These flightless birds breed in the winter. After a courtship of several weeks, a female emperor penguin lays one single egg then leaves! Each penguin egg's father balances it on his feet and covers it with his brood pouch, a very warm layer of feathered skin designed to keep the egg cozy. There the males stand, for about 65 days, through icy temperatures, cruel winds, and blinding storms.
Finally, after about two months, the females return from the sea, bringing food they regurgitate, or bring up, to feed the now hatched chicks. The males eagerly leave for their own fishing session at sea, and the mothers take over care of the chicks for a while.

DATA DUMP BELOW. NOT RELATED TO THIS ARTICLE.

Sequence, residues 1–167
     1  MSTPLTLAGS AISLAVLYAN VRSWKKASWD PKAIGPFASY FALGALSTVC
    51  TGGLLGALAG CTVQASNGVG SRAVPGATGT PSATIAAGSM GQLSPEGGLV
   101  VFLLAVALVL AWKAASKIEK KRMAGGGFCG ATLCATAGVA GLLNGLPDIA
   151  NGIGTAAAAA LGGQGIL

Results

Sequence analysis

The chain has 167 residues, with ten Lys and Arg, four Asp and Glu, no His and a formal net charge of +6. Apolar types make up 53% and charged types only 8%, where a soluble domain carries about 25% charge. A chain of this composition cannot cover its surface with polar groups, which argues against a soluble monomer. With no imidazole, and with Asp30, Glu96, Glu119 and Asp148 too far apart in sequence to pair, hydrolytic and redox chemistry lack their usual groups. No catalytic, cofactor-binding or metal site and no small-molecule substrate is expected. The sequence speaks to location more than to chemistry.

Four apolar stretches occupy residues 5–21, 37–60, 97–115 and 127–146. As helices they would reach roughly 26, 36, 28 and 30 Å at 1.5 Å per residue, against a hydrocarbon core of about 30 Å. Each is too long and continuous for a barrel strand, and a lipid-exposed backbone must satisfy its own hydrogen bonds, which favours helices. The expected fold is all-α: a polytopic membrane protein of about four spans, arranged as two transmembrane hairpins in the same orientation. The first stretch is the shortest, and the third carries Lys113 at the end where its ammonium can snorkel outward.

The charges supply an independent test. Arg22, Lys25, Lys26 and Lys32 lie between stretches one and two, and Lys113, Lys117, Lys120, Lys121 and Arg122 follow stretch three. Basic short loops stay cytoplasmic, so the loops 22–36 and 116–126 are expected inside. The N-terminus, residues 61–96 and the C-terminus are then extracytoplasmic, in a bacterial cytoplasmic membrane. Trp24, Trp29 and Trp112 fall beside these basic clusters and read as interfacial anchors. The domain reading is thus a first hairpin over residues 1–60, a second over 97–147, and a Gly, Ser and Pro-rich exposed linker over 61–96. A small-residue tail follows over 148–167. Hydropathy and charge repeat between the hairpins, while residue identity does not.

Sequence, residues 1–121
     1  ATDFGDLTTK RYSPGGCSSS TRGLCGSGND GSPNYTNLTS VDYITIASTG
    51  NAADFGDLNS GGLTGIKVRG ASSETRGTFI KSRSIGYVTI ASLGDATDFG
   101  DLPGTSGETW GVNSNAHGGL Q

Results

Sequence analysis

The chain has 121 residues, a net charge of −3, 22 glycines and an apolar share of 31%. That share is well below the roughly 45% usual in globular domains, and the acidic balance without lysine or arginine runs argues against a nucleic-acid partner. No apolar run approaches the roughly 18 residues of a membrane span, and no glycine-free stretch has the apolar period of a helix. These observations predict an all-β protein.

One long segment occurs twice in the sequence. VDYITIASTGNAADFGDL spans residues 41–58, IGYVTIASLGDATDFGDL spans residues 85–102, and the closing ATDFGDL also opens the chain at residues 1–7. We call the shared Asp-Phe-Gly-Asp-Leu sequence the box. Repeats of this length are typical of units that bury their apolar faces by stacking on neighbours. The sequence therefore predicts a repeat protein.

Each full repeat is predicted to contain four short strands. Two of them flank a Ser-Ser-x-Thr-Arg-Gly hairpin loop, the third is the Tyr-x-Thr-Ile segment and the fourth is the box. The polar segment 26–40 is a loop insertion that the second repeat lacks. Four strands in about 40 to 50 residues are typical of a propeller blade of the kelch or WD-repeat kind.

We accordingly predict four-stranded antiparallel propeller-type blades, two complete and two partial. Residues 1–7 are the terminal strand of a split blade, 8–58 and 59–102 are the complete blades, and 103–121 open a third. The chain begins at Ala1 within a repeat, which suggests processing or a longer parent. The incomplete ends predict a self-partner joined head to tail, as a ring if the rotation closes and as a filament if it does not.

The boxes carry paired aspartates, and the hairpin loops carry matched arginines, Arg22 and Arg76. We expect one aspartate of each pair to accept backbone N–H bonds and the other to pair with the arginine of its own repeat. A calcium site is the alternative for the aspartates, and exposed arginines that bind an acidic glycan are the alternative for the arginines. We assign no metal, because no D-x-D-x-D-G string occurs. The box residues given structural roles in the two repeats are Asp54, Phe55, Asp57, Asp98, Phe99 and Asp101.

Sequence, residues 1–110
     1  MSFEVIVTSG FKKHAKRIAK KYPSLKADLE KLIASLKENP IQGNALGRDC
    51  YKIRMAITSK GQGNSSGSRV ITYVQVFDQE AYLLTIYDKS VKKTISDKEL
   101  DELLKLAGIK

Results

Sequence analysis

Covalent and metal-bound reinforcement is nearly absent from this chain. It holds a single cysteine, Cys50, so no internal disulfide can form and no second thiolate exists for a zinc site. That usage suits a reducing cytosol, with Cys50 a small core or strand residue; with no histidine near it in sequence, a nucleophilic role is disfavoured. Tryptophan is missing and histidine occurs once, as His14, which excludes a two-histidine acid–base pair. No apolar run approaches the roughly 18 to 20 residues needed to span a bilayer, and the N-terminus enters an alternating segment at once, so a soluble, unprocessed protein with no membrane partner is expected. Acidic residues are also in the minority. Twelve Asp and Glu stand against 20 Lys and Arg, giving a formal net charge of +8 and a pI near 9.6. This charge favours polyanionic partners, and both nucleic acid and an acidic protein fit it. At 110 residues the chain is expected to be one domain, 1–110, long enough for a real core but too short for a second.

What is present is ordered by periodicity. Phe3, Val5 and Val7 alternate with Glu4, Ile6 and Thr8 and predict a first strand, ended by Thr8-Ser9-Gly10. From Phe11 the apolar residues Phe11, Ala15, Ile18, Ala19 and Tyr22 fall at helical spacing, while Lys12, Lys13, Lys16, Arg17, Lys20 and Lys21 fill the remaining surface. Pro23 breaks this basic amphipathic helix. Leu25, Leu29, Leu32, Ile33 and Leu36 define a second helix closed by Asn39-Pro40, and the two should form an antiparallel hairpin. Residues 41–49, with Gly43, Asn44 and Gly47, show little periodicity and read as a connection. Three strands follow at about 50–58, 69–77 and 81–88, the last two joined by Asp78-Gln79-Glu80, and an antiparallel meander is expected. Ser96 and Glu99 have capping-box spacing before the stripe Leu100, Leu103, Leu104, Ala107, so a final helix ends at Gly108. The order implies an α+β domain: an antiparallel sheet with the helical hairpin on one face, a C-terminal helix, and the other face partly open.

As the young penguins grow, adults leave them in groups of chicks called crèches while they leave to fish. There is a reason for the timing of emperor penguins' hatching. By December, when the Antarctic weather has warmed somewhat, the ice the penguins occupy begins to break up, bringing open waters closer to the nesting sites. Now the chicks are old enough to take to the seas and fish for their own food.
Check out the book Penguins vs. Puffins for more about these amazing birds!